hypothermia therapy

hy·po·ther·mi·a ther·a·py

(hīpō-thĕrmē-ă thāră-pē)
Cooling the patient's body below normal body temperature to prevent cerebral damage after cardiac arrest or trauma.
Medical Dictionary for the Health Professions and Nursing © Farlex 2012
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KEYWORDS: Acute cerebral infarction, Intravenous thrombolysis, Mild hypothermia therapy.
She received hypothermia therapy following an incidence of neonatal asphyxia during the newborn period.
Lacroix et al., "Hypothermia therapy after traumatic brain injury in children," New England Journal of Medicine, vol.
Nielsen et al., "Safety, feasibility, and outcomes of induced hypothermia therapy following in-hospital cardiac arrest-evaluation of a large prospective registry," Critical Care Medicine, vol.
During this procedure, the body is cooled to 32–34[degrees]C.[sup][1] Hypothermia therapy has been validated in reliable randomized controlled clinical trials, and mild therapeutic hypothermia has been associated with neuroprotection in comatose patients after cardiac arrest.[sup][18] However, nervous system activities can be affected by hypothermia therapy, as well as by antishivering drugs, such as analgesics, sedatives, and muscle relaxants.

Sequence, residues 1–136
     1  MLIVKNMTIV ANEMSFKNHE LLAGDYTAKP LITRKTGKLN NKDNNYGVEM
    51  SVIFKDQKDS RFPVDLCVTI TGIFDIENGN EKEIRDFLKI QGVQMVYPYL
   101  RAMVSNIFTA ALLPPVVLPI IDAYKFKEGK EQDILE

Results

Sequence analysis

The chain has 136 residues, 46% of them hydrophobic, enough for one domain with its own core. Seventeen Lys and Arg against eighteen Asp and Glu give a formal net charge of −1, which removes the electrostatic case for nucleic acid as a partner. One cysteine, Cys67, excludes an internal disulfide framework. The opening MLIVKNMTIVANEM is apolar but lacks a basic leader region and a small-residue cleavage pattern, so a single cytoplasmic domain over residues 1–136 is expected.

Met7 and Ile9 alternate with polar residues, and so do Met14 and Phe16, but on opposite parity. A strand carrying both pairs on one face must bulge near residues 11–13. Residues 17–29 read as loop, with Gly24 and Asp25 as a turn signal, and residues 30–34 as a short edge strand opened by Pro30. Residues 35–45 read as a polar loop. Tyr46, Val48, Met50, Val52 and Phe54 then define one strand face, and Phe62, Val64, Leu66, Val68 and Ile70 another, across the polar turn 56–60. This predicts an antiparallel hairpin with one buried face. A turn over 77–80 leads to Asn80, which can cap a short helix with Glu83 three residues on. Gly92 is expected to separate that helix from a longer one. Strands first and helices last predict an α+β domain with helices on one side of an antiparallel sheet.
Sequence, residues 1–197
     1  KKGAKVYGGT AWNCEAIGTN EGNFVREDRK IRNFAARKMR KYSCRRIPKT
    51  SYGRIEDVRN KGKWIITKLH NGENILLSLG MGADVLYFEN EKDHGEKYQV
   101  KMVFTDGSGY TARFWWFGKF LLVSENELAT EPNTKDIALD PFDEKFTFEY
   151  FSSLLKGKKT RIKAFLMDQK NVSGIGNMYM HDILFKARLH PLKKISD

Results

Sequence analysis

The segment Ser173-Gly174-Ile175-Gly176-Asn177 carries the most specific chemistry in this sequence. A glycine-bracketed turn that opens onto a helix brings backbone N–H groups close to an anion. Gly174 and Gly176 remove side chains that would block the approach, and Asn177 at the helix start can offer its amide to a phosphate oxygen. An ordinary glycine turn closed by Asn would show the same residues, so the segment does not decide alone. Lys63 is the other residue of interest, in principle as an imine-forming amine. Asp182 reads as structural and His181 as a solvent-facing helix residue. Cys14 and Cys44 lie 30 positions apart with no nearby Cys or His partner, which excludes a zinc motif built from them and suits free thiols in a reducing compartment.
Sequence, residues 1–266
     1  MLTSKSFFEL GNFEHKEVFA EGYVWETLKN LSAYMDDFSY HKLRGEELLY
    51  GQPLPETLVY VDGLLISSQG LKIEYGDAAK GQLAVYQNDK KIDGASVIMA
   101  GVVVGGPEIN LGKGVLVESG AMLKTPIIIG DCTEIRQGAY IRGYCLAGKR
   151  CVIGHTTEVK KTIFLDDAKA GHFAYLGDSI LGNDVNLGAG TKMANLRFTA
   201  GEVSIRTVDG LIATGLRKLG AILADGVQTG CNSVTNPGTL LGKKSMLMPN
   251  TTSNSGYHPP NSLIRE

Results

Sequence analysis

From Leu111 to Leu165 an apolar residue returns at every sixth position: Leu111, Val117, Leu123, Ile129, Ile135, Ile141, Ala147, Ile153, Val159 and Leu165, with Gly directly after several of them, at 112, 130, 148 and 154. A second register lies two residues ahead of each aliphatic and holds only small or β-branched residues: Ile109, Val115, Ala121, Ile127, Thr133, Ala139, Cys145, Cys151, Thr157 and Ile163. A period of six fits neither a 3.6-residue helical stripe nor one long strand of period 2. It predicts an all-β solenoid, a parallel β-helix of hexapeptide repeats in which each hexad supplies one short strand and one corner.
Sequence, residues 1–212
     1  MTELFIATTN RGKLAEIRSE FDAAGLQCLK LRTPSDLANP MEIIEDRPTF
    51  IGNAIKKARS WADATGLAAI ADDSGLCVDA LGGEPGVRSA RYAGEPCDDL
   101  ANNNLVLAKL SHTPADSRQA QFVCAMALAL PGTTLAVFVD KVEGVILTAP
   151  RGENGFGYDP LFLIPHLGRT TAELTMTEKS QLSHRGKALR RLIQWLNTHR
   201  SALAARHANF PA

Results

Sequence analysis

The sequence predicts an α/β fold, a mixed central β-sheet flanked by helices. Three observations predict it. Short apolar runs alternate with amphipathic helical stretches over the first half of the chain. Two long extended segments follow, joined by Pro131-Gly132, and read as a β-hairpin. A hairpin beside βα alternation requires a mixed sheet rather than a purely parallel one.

Effect of long-term mild hypothermia therapy in patients with severe traumatic brain injury: 1-year follow-up review of 87 cases.
He parlayed nine of those ideas into viable companies, aiming to improve minimally invasive procedures, intravenous catheters, hypothermia therapy, radiation protection, large vessel access/closure, and surgical incision closure.
They include selective administration of antenatal corticosteroids or magnesium sulfate, elective cesarean delivery, and neonatal hypothermia therapy. Broadspectrum antibiotics are routinely administered to women who have intra-amniotic infection, primarily to prevent the spread of infection beyond the uterus.
Hypothermia therapy has regularly been used in operating theatres to give surgeons extra time to complete complex operations.
-- Faster patient cooling and more precise temperature control features in the new generation of hypothermia devices may increase the use of hypothermia therapy in stroke and cardiac arrest, Michael A.
These studies and their favorable results have led to an endorsement of mild hypothermia therapy by the American Heart Association as well as to the development of a sophisticated system that is designed to perform the entire task simply and accurately.